Healthcare providers should be keeping their eyes on a new piece of bipartisan legislation seeking to offer workers stand-alone telehealth benefits – much in the same way that vision and dental plans are offered.
We all remember how quickly telehealth became mainstream as the pandemic ramped up in 2020 – spurred on by both need and the government legislation that ensured payment for those services. Since that time, more and more consumers and providers have found the technology to be not only useful, but critical for expanding access to underserved communities and populations that truly always needed it. This leads us to the introduction by legislation of a telehealth benefit expansion.
The 2022 Consolidated Appropriations Act
The Biden Administration’s plan is to end the COVID-19 public health emergency (PHE) status on May 11, 2023. When that happens, many of the temporary provisions put in place during the pandemic will come to an end. However, recent legislation, called the Consolidated Appropriations Act of 2023 extended many of the COVID-19 policies – including telehealth flexibilities – through December 31, 2024.
It seems likely that this additional period of time will be used to work towards making telehealth provisions permanent.
The Telehealth Benefit Expansion for Workers Act
This piece of legislation differs from the COVID-19 extensions in that it seeks to make telehealth options a part of group plans as a category called excepted benefits.
What are excepted benefits?
Under the Affordable Care Act, excepted benefits are types of coverage that are not included in a traditional health insurance plan.
There are currently four categories of excepted benefits:
- Non-health coverage – disability insurance, worker’s compensation insurance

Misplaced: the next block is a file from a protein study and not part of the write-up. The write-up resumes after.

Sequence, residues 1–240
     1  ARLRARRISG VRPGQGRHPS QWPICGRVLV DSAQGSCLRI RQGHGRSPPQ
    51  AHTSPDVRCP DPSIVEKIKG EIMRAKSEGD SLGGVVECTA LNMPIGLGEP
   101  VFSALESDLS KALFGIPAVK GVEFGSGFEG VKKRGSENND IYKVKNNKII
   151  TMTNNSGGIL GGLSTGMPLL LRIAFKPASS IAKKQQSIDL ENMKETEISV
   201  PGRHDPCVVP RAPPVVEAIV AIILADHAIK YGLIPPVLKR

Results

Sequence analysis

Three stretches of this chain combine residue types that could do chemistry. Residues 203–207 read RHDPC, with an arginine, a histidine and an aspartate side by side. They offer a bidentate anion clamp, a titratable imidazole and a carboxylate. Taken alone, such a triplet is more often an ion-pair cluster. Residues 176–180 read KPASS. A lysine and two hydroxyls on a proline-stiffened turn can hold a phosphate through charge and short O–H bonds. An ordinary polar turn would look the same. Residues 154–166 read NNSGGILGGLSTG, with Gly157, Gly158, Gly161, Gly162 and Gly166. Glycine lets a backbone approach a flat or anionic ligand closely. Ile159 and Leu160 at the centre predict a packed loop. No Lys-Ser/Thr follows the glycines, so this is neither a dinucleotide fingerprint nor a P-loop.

- Limited health benefits – dental, vision, long-term care insurance
- Specific disease or illness coverage – cancer insurance, hospital indemnity insurance
- Supplemental health benefits – separate policies that supplement Medicare or Armed Forces healthcare coverage
The Telehealth Benefit Expansion for Workers Act can improve coverage by making telehealth an excepted benefit. Those services contracts can be negotiated separately by employers, keeping costs lower through market competition. It would also allow employers to offer lower-cost high-deductible health plans (HDHPs) with health savings accounts and telehealth services added on. This would be an affordable option for many workers who are in a lower income bracket and may currently lack coverage.
High-deductible health plans typically require out-of-pocket expenses to see a doctor or receive treatment, which is where the health savings plan closes the gap. With telehealth options added on as an excepted benefit, consumers can use these lower-cost services for minor illnesses and stretch those savings funds even further.
While a traditional insurance plan model, such as a PPO, may still make more sense for some consumers, the flexibility added by offering HDHPs plus telehealth benefits is a great option for others.
Get Ready For the Changes Ahead
This new legislation has strong bipartisan support and looks to be a likely development in 2023. Practices can use this opportunity to make sure that their telehealth processes are robust and ready to meet the challenge. It is likely that new patients will be signing up that were not previous telehealth users, making smooth and streamlined processes important.
FormDr supports both brick-and-mortar and telehealth practices across the country with electronic patient forms, including client intake forms, medical release forms, and many other types of HIPAA-compliant telehealth documents. Our many features make obtaining medical history, signatures, insurance cards, and other information a breeze. Patients have the freedom to complete the information ahead of the visit from a tablet, smartphone, or computer. To find out how FormDr can be your valuable telehealth partner, schedule time with us for a free demo and consultation.